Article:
Exclusive: FBI questions owner of embattled voter registration firm
Strategic Allied Consulting, hired to register voters in Colorado, is now accused of falsifying hundreds of voter registration forms in multiple states. The company, owned by Nathan Sproul, was hired by the Republican Party and paid millions of dollars to register voters in Colorado, Florida, North Carolina, Nevada and Virginia.
In Arapahoe County, an employee is under investigation for tearing up a democratic voter registration form.
In Virginia, 23 year old Colin Small is charged with 13 counts of election fraud. In Florida, law enforcement officials are investigating “hundreds” of suspicious forms all of which were submitted by Strategic Allied Consulting.
Fox 31 Denver has obtained exclusive copies of voter registration forms that are now at the center of an ongoing criminal investigation.
The address listed on one card doesn’t exist. The driver’s license number listed on another form isn’t valid and the last name listed on a third form is actually part of the address.
The company’s owner, Nathan Sproul, is a high-ranking republican strategist with a long and checkered past. Back in 2004, Sproul was the target of a similar investigation. The Department of Justice, the Arizona Attorney General and prosecutors in at least two other states were investigating widespread allegations of voter registration fraud.
According to notes taken by investigators, Sproul’s employees were pushing voters “toward registering as Republicans” implying voter registration forms would “not be turned in if they registered as Democrats.”
“When the Department of Justice looked into it, looked at our quality control measures, they said there’s nothing here, they gave us a clean bill of health,” said Sproul.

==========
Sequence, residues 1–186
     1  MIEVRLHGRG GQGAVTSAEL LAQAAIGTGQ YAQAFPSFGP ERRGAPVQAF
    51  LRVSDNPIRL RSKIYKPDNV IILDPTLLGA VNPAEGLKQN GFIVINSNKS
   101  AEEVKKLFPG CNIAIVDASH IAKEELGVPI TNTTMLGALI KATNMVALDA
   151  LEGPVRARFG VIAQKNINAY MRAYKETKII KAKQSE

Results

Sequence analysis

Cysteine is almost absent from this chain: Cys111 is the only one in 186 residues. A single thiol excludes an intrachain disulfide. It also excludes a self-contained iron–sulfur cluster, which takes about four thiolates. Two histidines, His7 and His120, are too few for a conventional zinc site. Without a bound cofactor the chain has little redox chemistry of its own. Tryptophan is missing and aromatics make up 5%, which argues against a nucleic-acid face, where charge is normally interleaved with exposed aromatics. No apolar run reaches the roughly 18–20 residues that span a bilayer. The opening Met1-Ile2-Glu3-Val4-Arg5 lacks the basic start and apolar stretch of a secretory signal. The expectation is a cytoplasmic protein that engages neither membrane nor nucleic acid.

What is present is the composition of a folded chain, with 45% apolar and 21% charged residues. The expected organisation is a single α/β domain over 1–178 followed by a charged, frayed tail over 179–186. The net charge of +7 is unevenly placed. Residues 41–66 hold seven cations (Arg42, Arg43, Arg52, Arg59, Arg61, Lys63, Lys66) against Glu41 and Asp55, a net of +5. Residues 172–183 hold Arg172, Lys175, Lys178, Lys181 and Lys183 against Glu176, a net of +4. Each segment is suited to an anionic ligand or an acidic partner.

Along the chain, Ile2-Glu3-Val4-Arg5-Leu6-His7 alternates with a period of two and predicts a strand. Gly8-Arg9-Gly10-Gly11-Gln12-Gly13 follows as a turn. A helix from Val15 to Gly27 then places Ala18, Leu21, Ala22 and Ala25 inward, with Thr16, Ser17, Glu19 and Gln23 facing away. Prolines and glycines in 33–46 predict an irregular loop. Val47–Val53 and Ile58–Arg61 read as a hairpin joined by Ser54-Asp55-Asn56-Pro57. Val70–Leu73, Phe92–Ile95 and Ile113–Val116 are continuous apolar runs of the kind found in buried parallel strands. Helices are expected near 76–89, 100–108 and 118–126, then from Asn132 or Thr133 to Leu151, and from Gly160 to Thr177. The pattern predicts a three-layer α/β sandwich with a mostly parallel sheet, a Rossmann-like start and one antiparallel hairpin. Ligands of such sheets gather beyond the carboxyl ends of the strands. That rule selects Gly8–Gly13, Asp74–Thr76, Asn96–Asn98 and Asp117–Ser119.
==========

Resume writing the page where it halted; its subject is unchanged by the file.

The case was closed. Sproul was never charged. But earlier this year Sproul was questioned, yet again: this time by the FBI. Senior Investigative Reporter Josh Bernstein obtained and exclusive copy of an audio-taped recording between Nathan Sproul and two Special Agents with the FBI.
Sproul was being questioned about an independent expenditure committee raising money for the Tom Horne for Attorney General Campaign. Prosecutors allege the committee, which hired one of Sproul’s companies, violated several campaign finance laws.
“Our company was proven to not be a part of that and we have a letter from the County Attorney’s Office saying we were a witness in the matter,” claimed Sproul.
The Maricopa County Attorney has since filed a civil action against the Attorney General and the committee’s director, Kathleen Winn.
Six months later, Sproul founded Strategic Allied Consulting. He runs the firm from a corner office on the eighth floor of a lavish office building in Tempe, Arizona. But you’d never know it by looking at the articles of incorporation. That’s because the company is actually registered in Virginia where it shares an address with Karl Rove’s Super PAC American Crossroads.
Sproul admits he conveniently left his name off the paperwork. He told the LA Times “he created Strategic Allied Consulting at the RNC’s request because the party wanted to avoid being publicly linked to the past allegations.”
In a heated exchange, Sproul refused to repeat that claim telling Fox 31 Denver “ultimately as the owner of the company it is my decision to make that choice.”
At least three democratic members of Congress are now calling for a “multi-state” investigation into Strategic Allied Consulting. Congressman Elijah Cummings (D-Maryland) has fired off a letter demanding Sproul turn over thousands of records. Sproul is refusing to comply.
“I think Congressman Cummings, who you mentioned earlier is seeking an opportunity to pirouette in front of the television cameras.”
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